Monday, December 2, 2013

Links and a NaNoWriMo recap

So as I mentioned back in the end of October, I spent the month of November participating in National Novel Writing Month (NaNoWriMo), in which the goal is to write a manuscript for a novel in thirty days with a minimum of 50,000 words. I feel I should stress the fact that the goal is to make a manuscript, a first draft. There's absolutely no way that what I wrote is ready to be sent to a publisher right now. That would be way too embarrassing, to say the least.

Nonetheless, I did make it to the 50,000 mark. I reached my goal last Monday. It wasn't easy; during the first week, the adapter for my laptop computer died on me. It was awhile before I could afford to buy a new one, so I had to switch to handwriting in a notebook for a long stretch. Plus, I had accidentally lost an early chapter of my story. I'm fairly certain I deleted it by mistake, though I'm not positive about that. Rather than go back and do it over, I chose to plug onward. It wasn't a large chapter, so I didn't feel like I missed a great deal, and besides, at the time I was more concerned with cranking out the words more than anything else...

... and make no mistake, NaNoWriMo is all about cranking out words. You can't think too much about quality; that's what I learned late in the game. I felt fairly certain that I would reach my goal, but I needed to have time to spare, because the NaNo website requires you to copy and paste your novel in order to get an official word count, which meant that after I bought a new adapter, which I did, I'd have to type the whole story out on my computer, which I also did - in two days. So to make sure I'd be safely over the 50,000 goal, I had to stop editing - which is what the NaNo experts tell you to do, but I didn't listen! I used strikethrough on entire paragraphs that I didn't like, but kept anyway, because the words still count towards your goal.

I, like every other NaNo writer, I imagine, had to fight boredom, fatigue, and indifference to get this done, and while that may not sound as daunting as what, say, a decathlete goes through, it did make me more aware of what professional novelists go through. We take writing for granted because it's an everyday task, something the average person with a high school education can do, but to put together a story good enough to be sold on the market? I don't care whether you're the hackiest hack writer that ever owned a typewriter or Stephen King, it ain't as easy as it looks, and I have new respect for anyone who does it on a regular basis.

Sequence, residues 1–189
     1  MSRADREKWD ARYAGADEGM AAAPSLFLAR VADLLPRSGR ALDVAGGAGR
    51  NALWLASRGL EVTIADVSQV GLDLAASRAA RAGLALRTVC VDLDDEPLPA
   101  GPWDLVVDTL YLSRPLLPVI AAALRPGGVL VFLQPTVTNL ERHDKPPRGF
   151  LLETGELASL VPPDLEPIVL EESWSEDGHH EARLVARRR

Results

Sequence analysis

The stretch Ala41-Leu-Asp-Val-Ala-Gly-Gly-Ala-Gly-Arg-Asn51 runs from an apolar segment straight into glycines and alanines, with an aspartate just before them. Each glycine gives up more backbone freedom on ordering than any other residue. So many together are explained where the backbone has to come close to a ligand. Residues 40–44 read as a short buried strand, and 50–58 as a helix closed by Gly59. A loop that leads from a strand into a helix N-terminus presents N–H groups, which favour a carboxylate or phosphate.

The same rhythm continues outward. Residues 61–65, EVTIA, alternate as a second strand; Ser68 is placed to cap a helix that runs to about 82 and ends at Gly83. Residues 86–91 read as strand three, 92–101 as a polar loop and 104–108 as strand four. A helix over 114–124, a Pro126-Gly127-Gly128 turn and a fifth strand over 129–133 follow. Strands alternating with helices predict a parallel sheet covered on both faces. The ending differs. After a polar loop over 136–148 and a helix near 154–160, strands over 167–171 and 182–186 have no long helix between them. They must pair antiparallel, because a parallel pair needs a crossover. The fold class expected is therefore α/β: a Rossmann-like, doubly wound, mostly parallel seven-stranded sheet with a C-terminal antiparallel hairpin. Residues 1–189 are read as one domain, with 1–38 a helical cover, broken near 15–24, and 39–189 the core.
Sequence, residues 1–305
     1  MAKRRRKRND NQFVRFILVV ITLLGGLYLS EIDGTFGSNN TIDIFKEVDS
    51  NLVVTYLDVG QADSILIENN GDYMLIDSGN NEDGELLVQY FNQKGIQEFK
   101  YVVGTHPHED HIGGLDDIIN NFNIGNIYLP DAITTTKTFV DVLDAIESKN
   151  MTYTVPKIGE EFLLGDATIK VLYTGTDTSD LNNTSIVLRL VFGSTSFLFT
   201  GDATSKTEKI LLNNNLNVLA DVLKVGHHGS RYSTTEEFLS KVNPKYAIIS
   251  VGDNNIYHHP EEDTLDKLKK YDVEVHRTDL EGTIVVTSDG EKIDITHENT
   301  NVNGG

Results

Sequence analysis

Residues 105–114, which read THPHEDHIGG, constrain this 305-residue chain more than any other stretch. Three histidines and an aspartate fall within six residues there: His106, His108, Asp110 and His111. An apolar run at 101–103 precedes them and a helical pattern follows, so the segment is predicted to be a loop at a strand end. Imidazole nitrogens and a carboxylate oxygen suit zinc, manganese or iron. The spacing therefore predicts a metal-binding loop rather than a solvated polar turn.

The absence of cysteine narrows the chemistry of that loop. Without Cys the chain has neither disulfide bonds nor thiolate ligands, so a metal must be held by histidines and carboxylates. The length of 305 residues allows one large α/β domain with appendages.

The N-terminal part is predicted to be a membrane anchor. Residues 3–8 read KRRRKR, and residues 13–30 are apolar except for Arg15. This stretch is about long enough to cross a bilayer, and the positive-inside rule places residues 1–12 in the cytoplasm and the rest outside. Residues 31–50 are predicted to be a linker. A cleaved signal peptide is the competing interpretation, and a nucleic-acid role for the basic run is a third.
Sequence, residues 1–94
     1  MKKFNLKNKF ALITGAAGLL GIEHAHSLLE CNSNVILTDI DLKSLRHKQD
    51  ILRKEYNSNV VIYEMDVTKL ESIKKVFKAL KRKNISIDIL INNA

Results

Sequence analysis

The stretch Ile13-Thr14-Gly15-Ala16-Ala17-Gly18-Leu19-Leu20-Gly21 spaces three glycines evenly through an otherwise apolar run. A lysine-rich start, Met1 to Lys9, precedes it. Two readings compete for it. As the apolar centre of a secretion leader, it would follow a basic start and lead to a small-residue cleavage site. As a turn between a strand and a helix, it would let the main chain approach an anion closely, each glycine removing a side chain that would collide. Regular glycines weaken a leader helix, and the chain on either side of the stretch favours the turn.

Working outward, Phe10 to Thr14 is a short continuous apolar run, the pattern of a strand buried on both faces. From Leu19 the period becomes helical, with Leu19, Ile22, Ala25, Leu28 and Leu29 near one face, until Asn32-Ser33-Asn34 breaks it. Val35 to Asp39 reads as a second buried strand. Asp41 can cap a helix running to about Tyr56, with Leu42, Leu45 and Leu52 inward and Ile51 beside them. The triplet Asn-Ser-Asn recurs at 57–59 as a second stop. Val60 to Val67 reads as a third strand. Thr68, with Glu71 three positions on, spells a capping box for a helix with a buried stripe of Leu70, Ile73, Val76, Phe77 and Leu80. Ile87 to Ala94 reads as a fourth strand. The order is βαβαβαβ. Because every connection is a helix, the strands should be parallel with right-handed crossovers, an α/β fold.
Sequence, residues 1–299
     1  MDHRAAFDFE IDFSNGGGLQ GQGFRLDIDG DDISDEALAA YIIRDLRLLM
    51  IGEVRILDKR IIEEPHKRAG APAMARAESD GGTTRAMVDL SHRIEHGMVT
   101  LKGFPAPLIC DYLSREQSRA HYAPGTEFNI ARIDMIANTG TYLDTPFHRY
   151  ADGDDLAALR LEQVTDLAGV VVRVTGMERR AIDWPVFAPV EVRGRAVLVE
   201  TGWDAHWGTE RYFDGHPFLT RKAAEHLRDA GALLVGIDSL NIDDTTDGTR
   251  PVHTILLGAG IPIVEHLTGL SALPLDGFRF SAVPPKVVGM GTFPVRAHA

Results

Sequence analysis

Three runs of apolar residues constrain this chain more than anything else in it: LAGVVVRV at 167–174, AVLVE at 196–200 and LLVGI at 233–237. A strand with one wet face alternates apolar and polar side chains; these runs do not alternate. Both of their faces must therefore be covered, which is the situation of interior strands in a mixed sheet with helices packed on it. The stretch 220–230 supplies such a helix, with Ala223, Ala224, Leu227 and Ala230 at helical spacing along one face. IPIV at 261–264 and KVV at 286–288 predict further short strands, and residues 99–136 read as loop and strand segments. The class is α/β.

Of course, now that my first draft is done - it's a baseball story - next comes editing and revision, and that's a horse of a different color. Ideas that I thought were great at first turned out to be crap by the end, or at least, they weren't as well executed as I had hoped they would be. I have a fair idea of where I went wrong, storytelling-wise. Scenes that I loved, I now know, will probably have to get the ax in order to make it a stronger story. I won't start this process until the new year, however; NaNo experts also recommend that you take a little time to step back from your manuscript in order to be able to look at it more objectively.

Would I do this again? Don't know. Depends on a lot of things, not the least of which is how the story I just wrote will turn out. I have no serious dreams that this will be a national bestseller. Indeed, seeing how Jacqueline approaches her novels makes me think self-publishing might not be a bad idea, at least in the short term. But I might, if I think it's worth the time and effort to do it again. The point is that I now know that writing a novel is not as insurmountable a goal as I might have thought - not that I ever had any great dreams of being a novelist. The only reason I tried this was to see if I could do it. And now I know. My thanks to my friends here, on Twitter and especially on Facebook for supporting me through this insane endeavor.

Your links for this month:

One of the new friends I made during NaNoWriMo is a young lady named Erica, who does a literary blog called NYC Bookworm. She also likes old movies. One night we took a break from writing our novels to live-tweet the Burt Lancaster movie Come Back Little Sheba (yes, I know what I said about live-tweeting; it was her idea). She liked it more than I did.

The one day I took off from NaNoWriMo was to attend a party held by the Queens World Film Festival in Long Island City. They've got an Indiegogo fundraising thing up right now in which the goal is to support their free programs which play around Queens. Check it out, and if you can, throw a few bucks their way, because they do good work.

Ivan writes about funny ladies from the silent era.

Jacqueline looks at the kinds of movies playing around the time of the JFK assassination.

Danny has a fascinating post about a film about Native Americans... even if the lead was played by a white guy in redface.

Retrospace has a movie podcast! The first episode is about the 70s flick Convoy.

(One final note: the content from the LAMB page has been moved to the 'Themes' page.)

4 comments:

  1. Thanks for the mention, Rich, and congratulations on finishing your writing marathon. I think you've learned the most important lesson of all, and I guess it all boils down to this: though inspiration is a wonderful thing, and ride it when you can -- nevertheless, a professional writer doesn't sit down to write because he's inspired. He writes because it's Thursday.

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  2. I like that. I gotta remember that.

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  3. This is so cool! I think I'll try NaNoWriMo next year :D Oh and if you publish your novel somehow, I'll definitely read it.

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